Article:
In Plato’s “Republic” (V), Socrates tells Glaucon that anyone “can feel both secure and confident when one has the truth about the dearest and most important things and speaks about them among those who are themselves wise and dear friends.” We want to know the truth and to freely speak it among friends. Socrates here did not think that he himself had such a clear knowledge of the truth. He feared he would drag his friends down if he pretended that he did.
The most agonizing experience for 20-some-year-olds in college is that of choosing their friends well. Aside from seeking truth, as both Plato and Aristotle noted, no practical issue brings us more joy or sorrow, more delight or more heartbreak.
Aristotle tells us that making, changing, breaking and keeping friendships are the most absorbing and natural activities of the young. Upon leaving home, the approach of maturity and full manhood and womanhood happens in these years. It is both an adventure and a trial. Nothing indicates one’s real character more than his friends, their characters and how honorably or dishonorably he deals with them.
A university does not exist so that its students establish viable friendships. But that experience is a major side-effect of university life. We need to learn what friendship is, what it is not, what looks like it and what follows from it, often “for better or for worse.” A college student who does not ponder the meaning and nature of friendship is hardly awake during his academic years.
Collegiate friendships happen during what Aristotle called “the bloom of youth.” Young women will never be more beautiful or young men more handsome than they are at 20 or so. It won’t be all downhill immediately, but if someone returns to college for his first five-year reunion, he will notice the difference. To the alumnus, any present student generation will seem fresher, younger than his.
At first, all human encounters seem accidental. We happened to meet someone in the second semester of our sophomore year from Peoria, Ill. He turned out to be our best friend. Chances are slim that our high school friends will still be our main friends in college. And if we are sober, probably most of our college friends will be at most acquaintances in fifteen years, though a few may be lasting.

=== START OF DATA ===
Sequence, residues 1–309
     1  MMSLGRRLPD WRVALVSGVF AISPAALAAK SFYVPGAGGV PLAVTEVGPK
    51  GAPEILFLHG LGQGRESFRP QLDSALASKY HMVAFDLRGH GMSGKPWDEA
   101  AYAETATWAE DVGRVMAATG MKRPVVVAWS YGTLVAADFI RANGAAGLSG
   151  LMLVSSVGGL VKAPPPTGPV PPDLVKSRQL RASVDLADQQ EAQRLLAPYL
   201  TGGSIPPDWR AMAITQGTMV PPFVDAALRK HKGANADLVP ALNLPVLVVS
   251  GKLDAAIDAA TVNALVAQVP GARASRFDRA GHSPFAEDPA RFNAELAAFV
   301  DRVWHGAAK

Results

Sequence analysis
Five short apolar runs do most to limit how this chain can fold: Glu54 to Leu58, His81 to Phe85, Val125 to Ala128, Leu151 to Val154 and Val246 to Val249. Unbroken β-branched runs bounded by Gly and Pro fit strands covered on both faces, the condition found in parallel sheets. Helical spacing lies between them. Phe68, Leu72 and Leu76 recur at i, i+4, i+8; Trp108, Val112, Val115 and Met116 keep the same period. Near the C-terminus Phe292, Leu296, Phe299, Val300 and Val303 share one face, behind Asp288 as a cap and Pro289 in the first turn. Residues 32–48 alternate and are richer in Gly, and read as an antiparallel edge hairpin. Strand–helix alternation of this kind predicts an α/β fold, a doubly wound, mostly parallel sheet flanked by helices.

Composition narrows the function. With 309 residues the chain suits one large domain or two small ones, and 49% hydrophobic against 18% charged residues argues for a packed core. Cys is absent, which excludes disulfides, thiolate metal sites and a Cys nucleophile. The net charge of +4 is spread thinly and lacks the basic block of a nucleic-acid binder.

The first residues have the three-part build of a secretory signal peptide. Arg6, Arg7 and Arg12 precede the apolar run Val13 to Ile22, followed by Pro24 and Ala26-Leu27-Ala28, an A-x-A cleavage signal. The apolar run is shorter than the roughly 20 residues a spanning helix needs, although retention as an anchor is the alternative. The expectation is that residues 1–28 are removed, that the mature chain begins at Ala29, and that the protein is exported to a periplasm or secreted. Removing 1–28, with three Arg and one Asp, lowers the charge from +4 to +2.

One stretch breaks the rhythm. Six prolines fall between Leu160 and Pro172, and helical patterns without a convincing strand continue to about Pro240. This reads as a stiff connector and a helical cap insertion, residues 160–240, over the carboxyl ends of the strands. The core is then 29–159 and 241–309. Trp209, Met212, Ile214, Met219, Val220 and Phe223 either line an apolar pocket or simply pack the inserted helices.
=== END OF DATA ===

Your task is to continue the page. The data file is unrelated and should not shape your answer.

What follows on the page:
Aristotle’s words are true. We will be fortunate to have one or two friends that last a lifetime. Marriage of man and woman should be the main friendship, but we can easily mess it up if we do not prepare our souls for its nature, demands and abidingness. It is the one friendship most clearly intended for a lifetime. It is the one most jeopardized by a bad choice of friends contrary to its exclusive nature. On the other hand, it is potentially the one that will give us the most happiness in this world, the one, if we do it wrongly, that will cause us the most misery.
Aristotle shrewdly observed that the legislator should be more concerned with friendship than justice. He said this knowing perfectly well that politics cannot “legislate” friendships. They happen beyond politics and their control. The tyrant is precisely the one who finds friendship most dangerous to his rule. Hence he tries to make everything open and public with no secrets from him and no transcendent bonds that would judge him.
Friendships based on utility or pleasure are perfectly good things. We might enjoy working with a particular carpenter or going fishing or playing cards with different people. We do not consider them our best friends, but we enjoy them. They are good folks. Friendship is reciprocity. We will what is good for our friends and hope they return the same to us. This is why the basis of friendship can cause so much anxiety.
The highest friendships are reciprocal relationships in which we converse and live together according to the highest things. That is why the pursuit of the truth of things is also essential to the best forms of friendship. If our understanding of the highest things is radically different from our friends, it will be very difficult if not impossible to have a stable friendship with those people.
At Madrid World Youth Day, Benedict XVI spoke of “a universal network of friendship that links the world and God.” That all men seek to be friends needs to be put together with the exclusiveness of friendships in this world. We do not have time to be friends with everyone. Yet, as Aristotle said, we want everyone to have his own friends. Both of these pulls, to the universal and to the particular, we feel poignantly in college. How we resolve them, well or ill, mostly defines what we freely choose to be.
Fr. James V. Schall, S.J., is a faculty member of the government department. Fr. Schall, Fr. Maher and Fr. O’Brien alternate as the writers of As This Jesuit Sees It … , which appears every other Friday.